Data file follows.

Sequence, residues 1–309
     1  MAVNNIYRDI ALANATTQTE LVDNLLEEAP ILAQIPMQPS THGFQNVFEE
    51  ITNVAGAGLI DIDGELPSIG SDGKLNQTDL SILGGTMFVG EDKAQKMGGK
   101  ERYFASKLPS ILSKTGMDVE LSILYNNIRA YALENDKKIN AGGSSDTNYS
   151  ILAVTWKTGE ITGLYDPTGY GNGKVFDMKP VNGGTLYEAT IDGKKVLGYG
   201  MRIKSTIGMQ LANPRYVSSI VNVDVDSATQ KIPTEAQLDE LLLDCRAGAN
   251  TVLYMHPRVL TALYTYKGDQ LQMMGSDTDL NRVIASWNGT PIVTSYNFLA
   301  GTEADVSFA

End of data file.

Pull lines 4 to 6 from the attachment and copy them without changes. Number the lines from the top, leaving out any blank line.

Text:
   101  ERYFASKLPS ILSKTGMDVE LSILYNNIRA YALENDKKIN AGGSSDTNYS
   151  ILAVTWKTGE ITGLYDPTGY GNGKVFDMKP VNGGTLYEAT IDGKKVLGYG
   201  MRIKSTIGMQ LANPRYVSSI VNVDVDSATQ KIPTEAQLDE LLLDCRAGAN